Welcome to your Cohort 21 Blog. This journal is an integral part of your Cohort 21 experience. Here you will reflect, share , collaborate and converse as you move through the C21 Action Plan process.
This is your first post and an opportunity to share a little bit about yourself as a learner and leader. Please respond the to the following prompts below:
1) Reflect on your own personal learning journey and K-12 education. Identify one learning experience that you can point to as having made a significant impact on some element of your own growth and development. It could be that teacher and subject that really sparked significant growth or a trip that opened your eyes to a whole new world or way of thinking or a non-catastrophic failure that you learned so much from. Briefly describe the learning experience and identify the various supports, structures, mindsets and relational ingredients that were put in place by the teacher or facilitator that directly contributed to your growth and success.
In the tenth grade, I joined the outtrip club at my high school. We did an eight-day canoe trip every fall, and a four-day hiking trip each spring. Tripping taught me resiliency and self-sufficiency, the value of being uncomfortable, and how breathtaking this world can be. It made me appreciate both solitude and teamwork, and allowed me to understand that there was far more to school than Playing the Grade Game, which had always been my MO in the past. The teachers who led our trips were knowledgable and supportive, but gave us room to learn through our own experiences; most importantly, their passion for nature shone throughout each journey. While I certainly gained knowledge, skills, and confidence by outtripping that I have carried with me through life, I think the most significant insight I gleaned was how important it is to make time to do — and share — the things you love.
2) What is the one Learning skill (MOE) or Approach to Learning (IB ATL) that you feel is MOST important in this day and age? How do you intentionally build it into your curriculum and develop it in your students throughout the year?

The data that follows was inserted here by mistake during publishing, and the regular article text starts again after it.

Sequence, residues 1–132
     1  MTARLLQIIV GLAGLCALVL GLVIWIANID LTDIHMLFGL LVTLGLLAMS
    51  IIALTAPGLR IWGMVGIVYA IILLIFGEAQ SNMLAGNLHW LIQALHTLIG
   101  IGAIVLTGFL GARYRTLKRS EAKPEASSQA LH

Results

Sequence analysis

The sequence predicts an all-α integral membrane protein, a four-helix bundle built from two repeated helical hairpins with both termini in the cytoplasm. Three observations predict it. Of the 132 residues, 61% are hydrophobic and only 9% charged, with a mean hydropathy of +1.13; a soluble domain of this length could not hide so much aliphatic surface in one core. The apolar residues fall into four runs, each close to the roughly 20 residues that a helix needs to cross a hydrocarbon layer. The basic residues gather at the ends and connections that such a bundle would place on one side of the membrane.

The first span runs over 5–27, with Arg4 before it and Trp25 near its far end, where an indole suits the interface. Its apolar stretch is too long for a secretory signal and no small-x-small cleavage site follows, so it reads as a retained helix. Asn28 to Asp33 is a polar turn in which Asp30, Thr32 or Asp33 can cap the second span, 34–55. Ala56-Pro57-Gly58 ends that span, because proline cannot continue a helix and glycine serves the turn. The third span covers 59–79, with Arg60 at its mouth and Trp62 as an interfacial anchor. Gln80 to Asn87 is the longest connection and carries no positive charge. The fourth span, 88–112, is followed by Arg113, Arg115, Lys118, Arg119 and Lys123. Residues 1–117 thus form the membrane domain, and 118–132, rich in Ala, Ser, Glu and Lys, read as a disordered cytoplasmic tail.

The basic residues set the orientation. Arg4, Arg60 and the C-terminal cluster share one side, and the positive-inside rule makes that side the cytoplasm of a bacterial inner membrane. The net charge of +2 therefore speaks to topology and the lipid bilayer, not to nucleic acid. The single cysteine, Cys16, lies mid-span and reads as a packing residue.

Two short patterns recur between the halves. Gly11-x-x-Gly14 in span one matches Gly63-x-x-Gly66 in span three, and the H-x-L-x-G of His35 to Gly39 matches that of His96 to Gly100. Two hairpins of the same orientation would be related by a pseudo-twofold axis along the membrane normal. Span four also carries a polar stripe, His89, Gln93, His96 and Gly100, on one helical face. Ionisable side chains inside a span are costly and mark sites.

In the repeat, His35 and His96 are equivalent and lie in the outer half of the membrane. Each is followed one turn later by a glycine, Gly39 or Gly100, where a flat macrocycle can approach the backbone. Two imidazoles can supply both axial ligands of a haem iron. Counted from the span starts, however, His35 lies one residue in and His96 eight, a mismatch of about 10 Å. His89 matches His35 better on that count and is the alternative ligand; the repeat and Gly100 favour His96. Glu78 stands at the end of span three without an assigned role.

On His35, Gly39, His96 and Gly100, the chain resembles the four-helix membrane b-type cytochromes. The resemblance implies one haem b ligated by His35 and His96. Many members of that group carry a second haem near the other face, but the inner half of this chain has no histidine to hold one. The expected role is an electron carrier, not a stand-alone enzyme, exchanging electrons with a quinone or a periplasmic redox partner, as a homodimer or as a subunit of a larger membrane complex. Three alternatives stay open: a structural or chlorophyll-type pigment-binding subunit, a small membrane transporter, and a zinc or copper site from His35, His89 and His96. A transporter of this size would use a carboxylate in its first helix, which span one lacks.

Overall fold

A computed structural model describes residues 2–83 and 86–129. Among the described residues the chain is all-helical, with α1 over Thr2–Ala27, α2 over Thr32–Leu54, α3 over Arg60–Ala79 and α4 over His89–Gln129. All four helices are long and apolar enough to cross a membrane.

*Full disclosure: A colleague recently presented a fascinating session on the correspondence between the MOE’s Learning Skills and Executive Functioning. I’d actually like to flip a coin and let it make the decision between the EF skills flexibility and metacognition for me here, but since that’s not an option I’ll go with self-regulation, which I’d argue provides a decent mix of the two.
Harkening back to my first answer, I believe self-regulation skills pave the way for a good school-life (or work-life) balance; a way of operating that allows one to both fulfill obligations and make time for passions. I try to facilitate the development of self-regulation in my students by actively and regularly giving them input into what topics they explore, the projects they create, and the steps they feel are important along the way. My hope is that co-creation empowers students to think about the process of learning and where their strengths and challenges lie, while also giving them ample opportunity to integrate their interests into the work they do. Furthermore, it gives them ownership over the process of learning, and puts them in the position of having to adapt and revamp when that process doesn’t play out as anticipated.
3) Insert an image below that best captures the essence of that Learning Skill or ATL. (Click on the “Helpful WordPress Video Tutorials” link in the left hand sidebar to learn how to insert it)
The path through distraction to complete the task at hand and enjoy the things you love. Urban, Tim. “How to Beat Procrastination.” Wait But Why.